clearTissot started to investigate the field of plastics in 1952 and in 1971 introduced ‘Astrolon’ a mechanical (handwinding) movement and case in which the wheels, pinions, escapement, case and plates were all cast from plastic. The number of parts had been reduced to 52 from 90 and by moulding the whole movement, Tissot eliminated 40 time – and cost – consuming operations. Oiling was unnecessary since the plastic was self-lubricating. And assembly work was reduced, requiring only 15 distinct, mostly semi-automatic, operations that were done on an assembly line.

tissot-astrolonBecause the new plastic watch movements were cheaper to produce and easier to assemble than conventional metal models, Tissot hoped that this new invention would revolutionize watchmaking and would inject huge profits into their company and the distributors of this product under many different brand names. Indeed this watch watch was sold in the U.S.A. by Sutton Time, Dynasty, Sears & Roebuck and others for prices ranging from $22.50 to as low as $8. Though the watch was so light at 17.7g (less strap) that it almost floated. Its light weight enhanced its shock resistant qualities which enabled it to withstand the rigors of repeated shock trials. Being plastic, its non-magnetic qualities, too, were enhanced. The watch also withstood normal water immersion tests at 30psi. Furthermore, Tissot’s engineers claimed that the timepiece was so reliable and accurate that it could even compete with a chronometer.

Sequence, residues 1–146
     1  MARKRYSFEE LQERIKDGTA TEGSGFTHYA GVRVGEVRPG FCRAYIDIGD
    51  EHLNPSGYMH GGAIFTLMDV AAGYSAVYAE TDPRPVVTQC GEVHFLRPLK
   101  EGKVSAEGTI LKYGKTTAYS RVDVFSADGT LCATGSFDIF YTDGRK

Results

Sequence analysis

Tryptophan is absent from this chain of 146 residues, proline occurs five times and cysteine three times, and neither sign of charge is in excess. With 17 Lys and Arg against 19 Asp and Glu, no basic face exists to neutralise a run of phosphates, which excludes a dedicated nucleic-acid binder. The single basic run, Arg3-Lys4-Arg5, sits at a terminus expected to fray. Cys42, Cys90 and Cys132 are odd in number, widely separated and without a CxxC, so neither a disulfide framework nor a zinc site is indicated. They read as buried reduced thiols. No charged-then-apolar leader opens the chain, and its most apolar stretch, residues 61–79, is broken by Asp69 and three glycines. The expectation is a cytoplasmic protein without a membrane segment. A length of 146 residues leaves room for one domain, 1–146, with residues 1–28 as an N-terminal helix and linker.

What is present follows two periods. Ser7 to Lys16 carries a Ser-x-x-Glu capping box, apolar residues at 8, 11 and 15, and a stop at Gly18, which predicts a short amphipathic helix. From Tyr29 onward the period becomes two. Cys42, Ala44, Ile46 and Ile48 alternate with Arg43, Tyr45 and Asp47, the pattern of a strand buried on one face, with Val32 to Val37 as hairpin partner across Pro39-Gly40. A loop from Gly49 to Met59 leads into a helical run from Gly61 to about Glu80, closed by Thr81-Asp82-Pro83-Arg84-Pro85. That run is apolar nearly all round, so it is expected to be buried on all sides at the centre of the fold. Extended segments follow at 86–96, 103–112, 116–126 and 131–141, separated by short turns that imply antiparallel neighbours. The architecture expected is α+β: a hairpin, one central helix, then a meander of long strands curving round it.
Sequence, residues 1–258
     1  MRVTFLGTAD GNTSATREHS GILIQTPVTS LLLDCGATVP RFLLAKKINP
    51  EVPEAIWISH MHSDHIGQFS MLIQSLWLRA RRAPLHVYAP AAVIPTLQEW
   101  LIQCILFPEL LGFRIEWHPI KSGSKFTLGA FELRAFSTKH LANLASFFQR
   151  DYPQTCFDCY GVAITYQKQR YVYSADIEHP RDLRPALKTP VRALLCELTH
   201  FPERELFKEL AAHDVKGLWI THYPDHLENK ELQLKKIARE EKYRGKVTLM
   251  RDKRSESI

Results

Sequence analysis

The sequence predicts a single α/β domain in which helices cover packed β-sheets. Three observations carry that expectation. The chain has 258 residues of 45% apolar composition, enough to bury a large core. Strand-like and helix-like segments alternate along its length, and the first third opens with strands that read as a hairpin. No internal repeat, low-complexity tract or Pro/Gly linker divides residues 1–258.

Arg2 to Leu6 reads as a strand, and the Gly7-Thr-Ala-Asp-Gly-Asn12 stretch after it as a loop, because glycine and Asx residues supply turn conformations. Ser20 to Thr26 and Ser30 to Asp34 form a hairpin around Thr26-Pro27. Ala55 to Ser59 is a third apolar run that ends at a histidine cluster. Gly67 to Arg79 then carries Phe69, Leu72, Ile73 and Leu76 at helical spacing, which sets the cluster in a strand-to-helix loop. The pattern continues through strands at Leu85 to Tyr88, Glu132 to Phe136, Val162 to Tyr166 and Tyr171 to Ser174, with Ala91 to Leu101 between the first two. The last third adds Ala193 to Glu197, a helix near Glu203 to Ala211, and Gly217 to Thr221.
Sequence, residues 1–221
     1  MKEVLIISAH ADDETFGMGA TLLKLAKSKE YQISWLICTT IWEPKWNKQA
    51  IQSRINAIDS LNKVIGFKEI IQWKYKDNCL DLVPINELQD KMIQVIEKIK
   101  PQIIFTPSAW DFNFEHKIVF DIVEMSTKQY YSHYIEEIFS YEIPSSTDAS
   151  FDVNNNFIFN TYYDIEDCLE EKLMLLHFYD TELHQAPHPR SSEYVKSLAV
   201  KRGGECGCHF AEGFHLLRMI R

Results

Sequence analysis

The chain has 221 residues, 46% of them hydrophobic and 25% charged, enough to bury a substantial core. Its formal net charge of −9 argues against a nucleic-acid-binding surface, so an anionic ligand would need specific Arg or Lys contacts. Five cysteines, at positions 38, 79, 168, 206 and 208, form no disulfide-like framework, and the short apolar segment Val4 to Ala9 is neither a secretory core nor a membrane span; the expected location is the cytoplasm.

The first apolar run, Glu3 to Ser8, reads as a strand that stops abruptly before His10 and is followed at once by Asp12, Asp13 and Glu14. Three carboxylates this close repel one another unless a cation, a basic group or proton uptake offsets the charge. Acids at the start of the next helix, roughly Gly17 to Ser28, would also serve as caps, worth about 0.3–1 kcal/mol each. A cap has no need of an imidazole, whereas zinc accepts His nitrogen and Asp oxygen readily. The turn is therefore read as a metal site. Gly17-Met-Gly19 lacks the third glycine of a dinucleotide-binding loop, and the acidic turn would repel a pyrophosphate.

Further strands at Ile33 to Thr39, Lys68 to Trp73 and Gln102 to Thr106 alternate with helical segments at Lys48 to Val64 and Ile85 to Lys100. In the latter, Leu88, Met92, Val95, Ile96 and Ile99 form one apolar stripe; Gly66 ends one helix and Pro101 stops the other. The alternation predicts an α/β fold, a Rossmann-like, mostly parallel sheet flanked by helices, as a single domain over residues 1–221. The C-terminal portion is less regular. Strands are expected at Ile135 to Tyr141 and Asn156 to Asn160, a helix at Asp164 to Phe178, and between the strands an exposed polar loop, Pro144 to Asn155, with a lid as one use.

So here you see the striking similarities between the Swatch and, undoubtedly its predecessor, the Astrolon, which never became a hit with the consumer.

Similarities of Swatch and Astrolon:.

  1. Parts in Astrolon = 52, Parts in Swatch = 51
  2. All Astrolon parts made from plastic, Swatch case made from plastic
  3. Astrolon sold as a ‘throwaway’ watch, Swatch sold as a ‘throwaway’ watch
  4. Astrolon sealed and unrepairable, Swatch sealed and unrepairable
  5. Astrolon sold for less than U.S.$50, Swatch sold for less than U.S.$50


Text Modified after an article of Jack Freedman, President Superior Watch Service INC. 1998,

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